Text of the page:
The Bell Jar
by Sylvia Plath
Paperback- $12.23

A Special Paperback Edition to Commemorate the Fiftieth Anniversary of the Publication of Sylvia Plath's Remarkable Novel

Sylvia Plath's ...

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  "Deep book that kept us talking" by nr55 (see profile) 04/03/09

There are so many amazing elements in this book that kept our women talking for hours about the many different symbolisms. Being as the book is so dark, I would reccomend this book for the more mature audiences. I could debate the intent of this book for hours. Very good discussion book.

  "Sad, sad, sad...." by shelbymomof2 (see profile) 07/22/09

Very quick read. Quite depressing subject matter. You literally experience the "descent into madness" with the author as the book progresses. She paints a bleak picture of mental health care in the 1950s. Of course, take with a grain of salt as the picture is altered by the main character's skewed perception due to her mental state. I don't whole-heartedly recommend this book for a book club, as it is not a fun book to read. If your club has an interest in mental illness, however, this is worth the time.

  "Very good book!" by rdfstrong (see profile) 01/31/11

  "Brilliant but depressing" by 1morechapter (see profile) 02/14/11

This quasi-autobiographical novel by Sylvia Plath certainly gives insight about her mental illness. It’s a fascinating peek into the author’s troubled mind.

Esther Greenwood (a thinly veiled Sylvia) is bright and appears to have it all, but why and where did her life go wrong? It seemingly begins when she is rejected for a writing class at the same time she is having relationship problems. Her downward spiral is swift. Esther demands much of herself and of others, and when perfection is not attainable, she cannot accept it.

This book was a quick read, and I know I will be reading it again at some point as it is very compelling. I’ve twice seen the movie Sylvia starring Gwyneth Paltrow, and I definitely believe it added to my appreciation of the book.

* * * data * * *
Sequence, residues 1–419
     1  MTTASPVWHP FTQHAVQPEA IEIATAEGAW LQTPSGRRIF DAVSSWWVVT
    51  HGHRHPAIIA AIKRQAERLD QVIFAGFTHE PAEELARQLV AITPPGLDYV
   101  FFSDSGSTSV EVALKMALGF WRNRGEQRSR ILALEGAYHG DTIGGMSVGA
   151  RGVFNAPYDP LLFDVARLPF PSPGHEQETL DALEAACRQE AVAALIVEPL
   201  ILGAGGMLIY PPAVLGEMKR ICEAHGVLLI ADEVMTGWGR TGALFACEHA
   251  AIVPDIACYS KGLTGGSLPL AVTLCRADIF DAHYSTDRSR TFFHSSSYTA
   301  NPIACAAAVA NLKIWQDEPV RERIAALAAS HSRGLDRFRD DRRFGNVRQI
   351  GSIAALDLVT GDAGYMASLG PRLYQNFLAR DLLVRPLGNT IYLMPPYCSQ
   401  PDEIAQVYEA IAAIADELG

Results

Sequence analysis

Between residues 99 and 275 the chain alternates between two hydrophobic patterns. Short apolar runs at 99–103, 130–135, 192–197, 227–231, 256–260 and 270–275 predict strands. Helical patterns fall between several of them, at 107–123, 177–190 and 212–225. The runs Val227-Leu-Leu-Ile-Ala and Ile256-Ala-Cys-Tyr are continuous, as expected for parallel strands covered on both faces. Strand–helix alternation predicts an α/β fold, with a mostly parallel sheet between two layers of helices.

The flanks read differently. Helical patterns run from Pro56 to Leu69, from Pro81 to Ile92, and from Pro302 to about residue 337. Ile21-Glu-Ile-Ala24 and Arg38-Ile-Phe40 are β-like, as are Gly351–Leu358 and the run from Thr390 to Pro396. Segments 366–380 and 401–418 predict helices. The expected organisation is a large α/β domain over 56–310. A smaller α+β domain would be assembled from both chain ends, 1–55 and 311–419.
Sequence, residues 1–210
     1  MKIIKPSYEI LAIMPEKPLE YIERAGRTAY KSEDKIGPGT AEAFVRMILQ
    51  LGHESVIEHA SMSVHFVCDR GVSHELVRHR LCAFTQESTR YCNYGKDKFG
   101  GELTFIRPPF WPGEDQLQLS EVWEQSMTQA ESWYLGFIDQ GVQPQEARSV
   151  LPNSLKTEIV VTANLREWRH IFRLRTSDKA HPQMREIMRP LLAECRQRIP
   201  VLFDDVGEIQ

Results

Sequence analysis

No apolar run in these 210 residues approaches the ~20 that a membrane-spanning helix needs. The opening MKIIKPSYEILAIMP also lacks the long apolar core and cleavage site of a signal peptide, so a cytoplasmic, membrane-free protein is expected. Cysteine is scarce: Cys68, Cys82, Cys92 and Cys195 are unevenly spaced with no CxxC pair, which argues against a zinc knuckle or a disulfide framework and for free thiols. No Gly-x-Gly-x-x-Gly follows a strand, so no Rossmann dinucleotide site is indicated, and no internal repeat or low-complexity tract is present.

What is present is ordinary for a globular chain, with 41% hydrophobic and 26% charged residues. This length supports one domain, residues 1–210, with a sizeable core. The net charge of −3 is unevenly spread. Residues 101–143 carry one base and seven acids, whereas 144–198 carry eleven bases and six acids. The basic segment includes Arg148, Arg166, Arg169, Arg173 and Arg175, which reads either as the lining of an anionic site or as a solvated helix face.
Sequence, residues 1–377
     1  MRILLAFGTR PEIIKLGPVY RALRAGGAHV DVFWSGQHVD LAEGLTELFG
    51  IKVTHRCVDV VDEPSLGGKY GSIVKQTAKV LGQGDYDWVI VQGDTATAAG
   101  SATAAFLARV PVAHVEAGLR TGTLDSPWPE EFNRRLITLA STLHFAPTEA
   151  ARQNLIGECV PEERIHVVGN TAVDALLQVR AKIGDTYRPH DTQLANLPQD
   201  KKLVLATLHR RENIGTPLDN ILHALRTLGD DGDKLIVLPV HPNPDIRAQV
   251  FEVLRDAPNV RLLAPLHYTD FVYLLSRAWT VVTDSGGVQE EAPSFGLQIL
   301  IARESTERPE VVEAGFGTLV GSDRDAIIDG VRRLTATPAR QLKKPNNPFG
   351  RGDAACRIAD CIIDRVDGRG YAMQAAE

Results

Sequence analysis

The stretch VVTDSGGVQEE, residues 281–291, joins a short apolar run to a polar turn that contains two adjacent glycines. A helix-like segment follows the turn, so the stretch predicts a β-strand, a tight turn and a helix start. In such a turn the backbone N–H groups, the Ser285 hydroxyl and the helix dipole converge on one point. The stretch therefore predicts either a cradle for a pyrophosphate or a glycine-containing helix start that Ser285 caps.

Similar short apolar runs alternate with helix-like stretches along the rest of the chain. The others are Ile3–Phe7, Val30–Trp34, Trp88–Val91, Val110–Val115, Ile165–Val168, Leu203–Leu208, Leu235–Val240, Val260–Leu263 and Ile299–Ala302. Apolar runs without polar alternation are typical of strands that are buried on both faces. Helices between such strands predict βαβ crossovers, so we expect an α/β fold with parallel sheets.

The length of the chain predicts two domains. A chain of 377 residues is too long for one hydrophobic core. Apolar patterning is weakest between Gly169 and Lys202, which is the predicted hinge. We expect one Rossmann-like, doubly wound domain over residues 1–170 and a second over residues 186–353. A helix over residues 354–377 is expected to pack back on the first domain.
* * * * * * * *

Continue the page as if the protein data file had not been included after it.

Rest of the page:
I saw my life branching out before me like the green fig tree in the story.

From the tip of every branch, like a fat purple fig, a wonderful future beckoned and winked. One fig was a husband and a happy home and children, and another fig was a famous poet and another fig was a brilliant professor, and another fig was EeGee, the amazing editor, and another fig was Europe and Africa and South America, and another fig was Constantin and Socrates and Attila and a pack of other lovers with queer names and offbeat professions, and another fig was an Olympic lady crew champion, and beyond and above these figs were many more figs I couldn’t quite make out.

I saw myself sitting in the crotch of this fig tree, starving to death, just because I couldn’t make up my mind which of the figs I would choose. I wanted each and every one of them, but choosing one meant losing all the rest, and, as I sat there, unable to decide, the figs began to wrinkle and go black, and, one by one, they plopped to the ground at my feet.

  "Great sad she couldn't write more" by johna124 (see profile) 06/25/11

I took my time reading The Bell Jar. Knowing that this book was basically her autobiography I didn't want to rush it and miss something. It is very poignantly written by an obviously tortured soul. If she hadn't lived it, I think it would have been a completely different story. Because she lived it we have the unbelievably detailed story of her decent into numb darkness and the treatments she had to undergo before assimilating back into society.

  "Not as depressing as others might think" by olenahuffmire (see profile) 01/27/12

The book is very interesting, very well written, kept me reading, but it was not as gloomy as I expected it to be. It was very clear in depicting the whole picture, so I was not confused at any part of the book.

  "Bell Jar provides interesting discussion" by samantha. (see profile) 08/02/12

The Bell Jar, while some found it easy to put down the topics discussed were not as dark and nerve wracking as many summaries described. Great insight into a 1950's college-aged woman's life and expected path. This book was extremely confusing since Sylvia Plath jumped from scene to scene without completing her thoughts or descriptions. The Bell Jar provides for a great discussion because the writer is so hard to follow, as well as the topics discussed (shock therapy, suicide, sex, marriage, etc).

  "Overall, a good read that provoked discussion" by HM384 (see profile) 10/25/12

Though it was very dark, most of our book club members really liked this book and we would definitely recommend it to others.

  "Couldn't Have Cared Less" by MrsSutton (see profile) 09/23/13

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